Wolf in sheep's clothing

Deputy Defense Secretary Wolfowitz was in San Francisco to indict Saddam Hussein. But despite growing impatience, he provided no evidence.

By Edward W. Lempinen
Published December 8, 2002 12:32AM (EST)

Aides to Iraqi dictator Saddam Hussein are expected to deliver the much anticipated report on their weapons program to United Nations officials Saturday, and it is no exaggeration to say that Saddam's future as the dictator of Iraq and the fate of millions of Iraqis will be determined by its contents. But as the deadline for delivery approached, top officials in the administration of President Bush made clear that, in a fundamental way, they don't care what's in the report.

They don't care because, they say, they know Saddam is guilty of developing and stockpiling weapons of mass destruction.

At an appearance Friday before the Commonwealth Club of California and the World Affairs Council of Northern California, Deputy Defense Secretary Paul Wolfowitz made explicit what has only been implicit in the administration's dealings with Saddam. Responding to a question at the end of his 30-minute speech, Wolfowitz cast the report as a devastating trap for Saddam: No matter what the report says, it will prove his guilt.

"If he flatly denies that he has weapons of mass destruction, that's good evidence [of his guilt]," Wolfowitz said. "If he comes forth with new programs that we didn't know about, that's good evidence." In other words, Saddam is guilty until proven innocent? "Yes," he said. "Until proven otherwise." Just how Saddam might prove he is not guilty remained unclear.

This week Saddam's regime issued its strongest statements yet that it has no weapons of mass destruction -- seemingly hastening the moment of confrontation with the U.S. But if the clock is ticking for Saddam, it is also ticking for the Bush administration. However much Wolfowitz and other officials insist on his guilt, their efforts to rally allied governments and world public opinion for a military takedown is at risk of failure unless the administration provides hard evidence that Saddam is guilty as charged.

Thus far, they have provided nothing of substance to prove that Saddam is holding biological, chemical or nuclear weapons. Indeed, in the absence of evidence, the Bush administration has seemed to hope at times that, by simply repeating the allegation over and over, it would become fact. On Thursday, White House spokesman Ari Fleischer was asked to detail the evidence, and he declined. "The president of the United States and the secretary of defense [Donald Rumsfeld] would not assert as plainly and bluntly as they have that Iraq has weapons of mass destruction if it was not true and if they did not have a solid basis for saying it," Fleischer explained. He said the United States would provide intelligence to U.N. inspectors.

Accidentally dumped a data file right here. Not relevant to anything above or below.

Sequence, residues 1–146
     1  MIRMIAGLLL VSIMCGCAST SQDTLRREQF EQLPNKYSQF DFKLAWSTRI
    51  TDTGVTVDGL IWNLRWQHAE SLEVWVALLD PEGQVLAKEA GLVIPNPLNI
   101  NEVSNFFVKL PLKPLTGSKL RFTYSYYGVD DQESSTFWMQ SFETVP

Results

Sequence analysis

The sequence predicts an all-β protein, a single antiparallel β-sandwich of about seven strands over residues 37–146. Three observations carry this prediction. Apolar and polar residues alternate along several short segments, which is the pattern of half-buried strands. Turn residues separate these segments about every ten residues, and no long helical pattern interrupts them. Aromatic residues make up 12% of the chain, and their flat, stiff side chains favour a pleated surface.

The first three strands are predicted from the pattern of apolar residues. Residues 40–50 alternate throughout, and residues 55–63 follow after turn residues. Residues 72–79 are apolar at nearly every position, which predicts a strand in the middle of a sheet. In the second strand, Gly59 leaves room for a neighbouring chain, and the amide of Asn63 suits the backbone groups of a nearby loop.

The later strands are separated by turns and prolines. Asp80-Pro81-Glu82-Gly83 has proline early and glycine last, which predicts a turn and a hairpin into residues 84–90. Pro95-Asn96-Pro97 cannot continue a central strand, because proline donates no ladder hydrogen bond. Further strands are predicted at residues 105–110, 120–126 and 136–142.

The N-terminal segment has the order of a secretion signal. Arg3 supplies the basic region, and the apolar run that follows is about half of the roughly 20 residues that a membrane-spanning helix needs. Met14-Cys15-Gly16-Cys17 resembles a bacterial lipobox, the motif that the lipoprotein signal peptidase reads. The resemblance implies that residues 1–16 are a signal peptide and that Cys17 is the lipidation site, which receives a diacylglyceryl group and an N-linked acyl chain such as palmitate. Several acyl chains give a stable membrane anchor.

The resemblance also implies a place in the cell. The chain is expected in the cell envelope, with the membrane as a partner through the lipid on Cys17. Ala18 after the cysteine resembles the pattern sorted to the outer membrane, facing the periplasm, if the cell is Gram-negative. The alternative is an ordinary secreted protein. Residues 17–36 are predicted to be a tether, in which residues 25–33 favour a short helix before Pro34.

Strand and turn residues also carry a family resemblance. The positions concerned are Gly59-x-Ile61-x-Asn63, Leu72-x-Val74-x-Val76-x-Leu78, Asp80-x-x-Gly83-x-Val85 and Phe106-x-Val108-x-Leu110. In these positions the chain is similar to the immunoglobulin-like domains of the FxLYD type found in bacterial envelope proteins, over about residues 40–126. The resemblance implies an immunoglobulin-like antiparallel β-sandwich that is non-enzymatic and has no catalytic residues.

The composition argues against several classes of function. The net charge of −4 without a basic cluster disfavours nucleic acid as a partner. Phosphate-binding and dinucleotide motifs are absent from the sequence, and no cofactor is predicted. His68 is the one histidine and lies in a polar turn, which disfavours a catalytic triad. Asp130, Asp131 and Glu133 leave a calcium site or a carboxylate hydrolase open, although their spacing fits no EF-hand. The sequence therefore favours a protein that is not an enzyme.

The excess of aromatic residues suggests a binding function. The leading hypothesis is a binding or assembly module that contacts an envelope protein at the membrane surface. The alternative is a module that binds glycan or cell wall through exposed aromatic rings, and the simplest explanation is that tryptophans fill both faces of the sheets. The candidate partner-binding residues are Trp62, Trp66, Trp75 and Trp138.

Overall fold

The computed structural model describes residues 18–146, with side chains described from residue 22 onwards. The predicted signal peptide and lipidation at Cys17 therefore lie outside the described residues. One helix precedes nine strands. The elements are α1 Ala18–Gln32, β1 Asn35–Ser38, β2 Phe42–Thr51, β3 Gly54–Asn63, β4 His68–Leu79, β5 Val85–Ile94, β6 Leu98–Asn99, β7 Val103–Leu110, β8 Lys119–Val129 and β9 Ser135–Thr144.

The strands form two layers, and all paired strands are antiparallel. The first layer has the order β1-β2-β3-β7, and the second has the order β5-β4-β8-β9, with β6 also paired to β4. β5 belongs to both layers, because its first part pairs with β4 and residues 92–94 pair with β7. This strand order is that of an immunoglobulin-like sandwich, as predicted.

After his speech yesterday, Wolfowitz also directly declined to offer such proof. "There's a time and a place for everything," he told reporters during a news conference that covered five questions in a little over three minutes. Yesterday was not the time and place.

It is widely assumed, of course, that Saddam has weapons of mass destruction. He has had them in the past, and he has used them with horrifying results. But Wolfowitz's appearance in San Francisco yesterday underscored that the report expected from Iraq on Saturday is, in some ways, only an exercise, a symbol that both sides will try to exploit and co-opt in a Kabuki dance of global diplomacy and power. Bush can insist on Saddam's guilt all he wants. He may be right. But if the administration and U.N. inspectors on the ground in Iraq are unable to find hard proof that Iraq is holding weapons of mass destruction, Bush will find it more difficult by far to win international support for military action against the Iraqi dictator. He could still launch a unilateral U.S. strike, but absent any evidence that Saddam has weapons of mass destruction, even domestic support might be scant.

Under the terms of the U.N. Resolution 1441, passed by the Security Council last month after an intense diplomatic campaign, Iraq has until Sunday to make "a currently accurate, full and complete declaration" of its banned weapons programs. That the U.N. was involved in the process at all was a defeat for Wolfowitz and other administration hawks who see regime change in Iraq as a crucial step in the war on terror and remaking a more stable Middle East and who feared that the international body would tie their hands. Their leverage is the provision of the resolution that warns of "serious consequences" -- war -- should Iraq fail to make full disclosure.

Iraq will deliver the report Saturday; according to a CNN account Friday, it will be 4,000 pages long, with up to 8,000 pages of supporting documentation. The document will then be subjected to an exhaustive review by U.N. and other experts, including a comparison to thousands of pages of documents and reports assembled by a previous team of U.N. inspectors before they left the country in 1998. Meanwhile, the inspections team headed by Swedish diplomat Hans Blix will be tracking leads in Iraq, using intelligence data, high-tech chemical detection equipment and basic detective work to search the nation for weapons of mass destruction.